The Effects of Absinthe

~ The Absinthe Encyclopedia - CHAPTER V ~

At the very heart of the absinthe legend is the idea that it provides a noticeably different quality of intoxication. In other words, over and above the normal effects expected from alcohol, absinthe supposedly has “secondary effects”. These are often said to include visual disturbances, unusual sensitivity to light and colour, euphoria and a peculiarly clear-headed type of drunkenness.

The aim in this section is to examine these claims in more detail, with reference wherever possible to original sources.

The Effects of Absinth, Introduction

The Effects of Absinth, Introduction

Absinthe is a spirit. Less reputable sources sometimes refer to it as a drug, a narcotic, an hallucinogen or – an especially popular claim on the internet – an aphrodisiac. That absinthe is a psychoactive drug, or at least similar to one in effect is not true. The hysteria surrounding absinthe in the early 20th century fuelled the misconception that absinthe was a powerful intoxicant. It was said to cause psychotic episodes and epileptic fits. The truth however, is both more interesting and less sensational: Absinthe differs from almost all other drinks in containing a higher percentage of alcohol – up to 72% – and of course in containing extract of wormwood, or Artemisia absinthium. As we shall see it is these two factors which have had a major impact on its reputation. The aim in this section is to examine these claims in more detail, with reference wherever...

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Oscar Wilde

Oscar Wilde

The evidence for more striking effects either doesn’t exist, or is highly controversial. Perhaps the most often quoted passage is a description by the great poet and playwright Oscar Wilde of a night drinking absinthe at the Café Royal. Although not an alcoholic (at least till the last year of his life), Wilde, was a regular absinthe drinker during the time he lived in France. His descriptions of the effects of absinthe are, on the face of it, sensational: “The first stage is like ordinary drinking, the second when you begin to see monstrous and cruel things, but if you can persevere you will enter in upon the third stage where you see things that you want to see, wonderful curious things. One night I was left sitting, drinking alone and very late in the Café Royal, and I had just got into this third stage when a waiter...

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Absinthe as an Aphrodisiac

Absinthe as an Aphrodisiac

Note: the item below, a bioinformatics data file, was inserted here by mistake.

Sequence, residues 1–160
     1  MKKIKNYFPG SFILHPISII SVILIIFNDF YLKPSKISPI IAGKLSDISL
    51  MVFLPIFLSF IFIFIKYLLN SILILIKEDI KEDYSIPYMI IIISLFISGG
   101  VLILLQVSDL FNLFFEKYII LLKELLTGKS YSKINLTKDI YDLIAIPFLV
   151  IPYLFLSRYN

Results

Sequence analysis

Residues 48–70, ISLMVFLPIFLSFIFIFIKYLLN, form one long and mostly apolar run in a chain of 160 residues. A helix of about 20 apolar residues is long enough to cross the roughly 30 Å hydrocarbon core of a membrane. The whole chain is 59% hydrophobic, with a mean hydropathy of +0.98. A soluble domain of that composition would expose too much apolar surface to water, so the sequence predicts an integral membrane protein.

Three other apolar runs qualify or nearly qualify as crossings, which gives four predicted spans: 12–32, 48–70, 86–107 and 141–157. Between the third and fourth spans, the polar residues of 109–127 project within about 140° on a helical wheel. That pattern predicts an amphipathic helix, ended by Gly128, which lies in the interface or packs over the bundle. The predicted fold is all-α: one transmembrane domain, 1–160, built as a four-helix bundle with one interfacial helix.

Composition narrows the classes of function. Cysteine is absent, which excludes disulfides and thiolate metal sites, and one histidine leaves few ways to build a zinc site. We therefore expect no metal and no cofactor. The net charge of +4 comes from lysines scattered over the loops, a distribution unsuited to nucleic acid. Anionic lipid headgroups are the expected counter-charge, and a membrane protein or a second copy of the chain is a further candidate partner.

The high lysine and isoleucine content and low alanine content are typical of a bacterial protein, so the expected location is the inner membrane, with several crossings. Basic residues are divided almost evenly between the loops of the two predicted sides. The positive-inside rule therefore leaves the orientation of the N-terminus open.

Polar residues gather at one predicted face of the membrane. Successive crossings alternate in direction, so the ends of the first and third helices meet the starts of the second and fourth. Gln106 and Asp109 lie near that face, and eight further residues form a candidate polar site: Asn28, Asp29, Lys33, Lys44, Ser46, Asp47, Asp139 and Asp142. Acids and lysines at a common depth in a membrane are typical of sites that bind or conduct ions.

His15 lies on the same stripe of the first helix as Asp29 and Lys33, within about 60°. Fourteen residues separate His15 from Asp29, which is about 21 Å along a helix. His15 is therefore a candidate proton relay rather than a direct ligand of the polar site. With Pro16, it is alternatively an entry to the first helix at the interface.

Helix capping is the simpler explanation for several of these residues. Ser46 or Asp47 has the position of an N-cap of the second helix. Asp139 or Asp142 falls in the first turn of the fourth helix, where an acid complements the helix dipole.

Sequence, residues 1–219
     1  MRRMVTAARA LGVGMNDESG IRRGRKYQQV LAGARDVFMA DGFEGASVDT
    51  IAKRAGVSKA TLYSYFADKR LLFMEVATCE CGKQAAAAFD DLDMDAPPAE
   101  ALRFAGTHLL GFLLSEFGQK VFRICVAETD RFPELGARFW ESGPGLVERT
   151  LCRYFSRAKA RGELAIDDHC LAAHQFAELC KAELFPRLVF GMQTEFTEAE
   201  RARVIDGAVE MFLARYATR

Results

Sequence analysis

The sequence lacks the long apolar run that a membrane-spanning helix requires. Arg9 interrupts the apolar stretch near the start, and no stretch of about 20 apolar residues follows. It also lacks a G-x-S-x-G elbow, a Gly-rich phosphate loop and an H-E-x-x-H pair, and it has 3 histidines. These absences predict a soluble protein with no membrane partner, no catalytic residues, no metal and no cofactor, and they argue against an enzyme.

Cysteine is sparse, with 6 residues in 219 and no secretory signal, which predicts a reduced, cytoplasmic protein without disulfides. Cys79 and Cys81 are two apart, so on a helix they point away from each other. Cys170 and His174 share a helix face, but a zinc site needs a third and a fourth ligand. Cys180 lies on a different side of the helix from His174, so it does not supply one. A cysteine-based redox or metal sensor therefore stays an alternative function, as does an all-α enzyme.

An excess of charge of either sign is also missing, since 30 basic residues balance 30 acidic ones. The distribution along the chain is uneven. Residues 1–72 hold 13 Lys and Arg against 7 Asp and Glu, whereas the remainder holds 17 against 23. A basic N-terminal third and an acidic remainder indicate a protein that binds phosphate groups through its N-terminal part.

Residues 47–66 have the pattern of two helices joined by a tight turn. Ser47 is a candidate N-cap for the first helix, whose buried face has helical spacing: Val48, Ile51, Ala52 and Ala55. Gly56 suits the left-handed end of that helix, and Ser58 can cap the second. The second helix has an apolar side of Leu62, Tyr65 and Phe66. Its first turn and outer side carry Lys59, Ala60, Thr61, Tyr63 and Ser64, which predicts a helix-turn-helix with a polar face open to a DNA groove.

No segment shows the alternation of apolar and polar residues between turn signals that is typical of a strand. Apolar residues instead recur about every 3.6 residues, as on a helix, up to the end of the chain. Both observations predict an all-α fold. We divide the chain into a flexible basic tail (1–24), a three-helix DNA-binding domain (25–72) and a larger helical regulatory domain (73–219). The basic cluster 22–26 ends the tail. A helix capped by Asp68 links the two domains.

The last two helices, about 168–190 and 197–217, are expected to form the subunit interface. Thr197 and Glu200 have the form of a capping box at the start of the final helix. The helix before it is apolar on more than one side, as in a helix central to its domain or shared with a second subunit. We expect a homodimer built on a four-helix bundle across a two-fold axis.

The myth that absinthe is an amative seems to be a largely modern idea – it’s seldom, if ever, mentioned as such in the pre-ban or even immediate post-ban period. One possible origin might be an article by Maurice Zolotow which appeared in Playboy Magazine- a fascinating and sometimes amusing period piece, which contains this passage of purple prose: ”I remember a girl I knew in my bachelor days. An American, she had worked as a model in several haute couture salons in Paris and had acquired a taste for absinthe. We were at her place one evening and she asked me if I would like to have a martini as a nightcap. I said I was game, though I favoured cognac and water in the evening, when the lights are low and the music is throbbing on the high-infidelity. She stirred up a pitcher of martinis and brought...

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The scientific case

The scientific case

The distinctive herb in absinthe is grand wormwood (Artemesia absinthium), and the chemical name for the principle active ingredient in wormwood is thujone. Thujone is a terpene and is related to menthol, which is known for its healing and restorative qualities. In its chemically pure form, it is a colourless liquid with a menthol-like aroma. Oil of Artemesia absinthium (or wormwood oil as it’s usually called) is approximately 40-60% thujone. Thujone is a naturally occurring substance, also found in the bark of the thuja, or white cedar, tree, and in other herbs besides wormwood – including tansy and the common sage used in cooking. Aside from absinthe, other popular liquors, including vermouth, Chartreuse, and Benedictine, also contain small amounts of thujone. In fact, vermouth, which was originally made using the flower heads from the wormwood plant, takes its name from the German “wermut” (“wormwood”). Extremely high doses of thujone...

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Absinthism

Absinthism

In the 1860’s concern was aroused for the first time over the effect of absinthe drinking. Chronic use of absinthe was claimed to produce a syndrome, called absinthism, which was characterized by addiction, hyperexcitability, epileptic fits and hallucinations. This was first described in a series of influential papers by Dr. Valentin Magnan, the chief physician at the asylum of Sainte-Anne in Paris. Magnan wrote: “In absinthism, the hallucinating delirium is most active, most terrifying, sometimes provoking reactions of an extremely violent and dangerous nature. Another more grave syndrome accompanies this: all of a sudden the absinthist cries out, pales, loses consciousness and falls; the features contract, the jaws clench, the pupils dilate, the eyes roll up, the limbs stiffen, a jet of urine escapes, gas and waste material are brusquely expulsed. In just a few seconds the face becomes contorted, the limbs twitch, the eyes are strongly convulsed, the...

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